Greve in Chianti is the only town in the province of Florence that is entirely part of the Chianti area. In Ancient Greek times, Greve was only a small center in the area, then called Agro di Florentia. The Romans were the first to live here permanently, due to its proximity to the via Cassia. Indeed, the Romans left their mark on the local place names, such as Siliano, a town whose name comes from a colony of Sulla veterans who settled there.
Greve in Chianti’s origins – in terms of any semblance to its appearance today - lie in the Early Middle Ages.
In the 11th century Bernardo degli Uberti gave the historic settlement on the San Francesco hill – which takes its name from the small Francescan community that settled there after having founded a hospital - to the monastery of San Salvi. Over the years, Greve expanded thanks to its well-connected position that allowed for easy communication with Florence and the Valdarno river markets, as well as with well-known routes such as the Via Francigena and the Via Volterrana. This is how the Greve ‘mercatale’ (market), a hugely popular commercial area, was founded; it’s particularly distinctive for its parish churches, churches, castles, aristocratic villas and farms, in the age of Florentine control. Towards the end of the 14th century, the area began to produce a wine particularly popular amongs noble Sienese and Florentine families. The latter enriched Greve through investments and, in some cases, direct interventions with the local farming economy.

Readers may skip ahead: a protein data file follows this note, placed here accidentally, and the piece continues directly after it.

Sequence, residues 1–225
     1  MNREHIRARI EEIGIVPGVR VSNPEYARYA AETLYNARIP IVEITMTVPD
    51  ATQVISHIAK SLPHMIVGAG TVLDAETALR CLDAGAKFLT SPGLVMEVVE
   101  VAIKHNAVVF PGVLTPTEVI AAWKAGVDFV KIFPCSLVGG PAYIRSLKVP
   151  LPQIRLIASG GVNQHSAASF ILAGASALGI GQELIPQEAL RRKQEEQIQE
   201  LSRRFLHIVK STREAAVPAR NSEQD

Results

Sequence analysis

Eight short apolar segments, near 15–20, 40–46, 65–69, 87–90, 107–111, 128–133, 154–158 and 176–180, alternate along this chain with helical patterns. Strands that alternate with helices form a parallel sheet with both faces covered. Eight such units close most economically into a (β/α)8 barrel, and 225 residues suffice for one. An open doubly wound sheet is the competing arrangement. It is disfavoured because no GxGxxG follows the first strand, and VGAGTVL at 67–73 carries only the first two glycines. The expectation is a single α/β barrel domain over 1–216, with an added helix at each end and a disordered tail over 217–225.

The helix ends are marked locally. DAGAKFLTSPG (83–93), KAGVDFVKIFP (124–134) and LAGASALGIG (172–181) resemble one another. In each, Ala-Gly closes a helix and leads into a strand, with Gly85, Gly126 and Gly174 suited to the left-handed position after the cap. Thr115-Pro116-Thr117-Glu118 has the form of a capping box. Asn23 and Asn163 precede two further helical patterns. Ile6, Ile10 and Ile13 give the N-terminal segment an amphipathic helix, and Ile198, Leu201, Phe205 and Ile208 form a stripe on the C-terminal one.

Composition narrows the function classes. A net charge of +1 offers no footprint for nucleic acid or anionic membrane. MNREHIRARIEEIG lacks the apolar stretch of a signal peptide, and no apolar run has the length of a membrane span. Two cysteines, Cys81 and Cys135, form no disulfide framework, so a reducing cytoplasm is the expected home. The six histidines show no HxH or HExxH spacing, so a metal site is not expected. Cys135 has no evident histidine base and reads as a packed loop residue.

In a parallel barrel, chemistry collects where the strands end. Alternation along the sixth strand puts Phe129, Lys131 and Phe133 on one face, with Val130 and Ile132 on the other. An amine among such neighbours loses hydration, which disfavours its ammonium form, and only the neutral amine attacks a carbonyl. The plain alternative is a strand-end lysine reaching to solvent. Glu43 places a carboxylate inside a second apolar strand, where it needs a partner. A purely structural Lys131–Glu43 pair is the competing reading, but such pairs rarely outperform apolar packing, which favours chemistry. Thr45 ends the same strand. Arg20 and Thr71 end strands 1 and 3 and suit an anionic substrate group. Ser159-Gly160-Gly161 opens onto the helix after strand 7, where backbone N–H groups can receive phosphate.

After the Unification of Italy, the Greve ‘mercatale’ became a town and established its reputation as one of the most important centres in Chianti.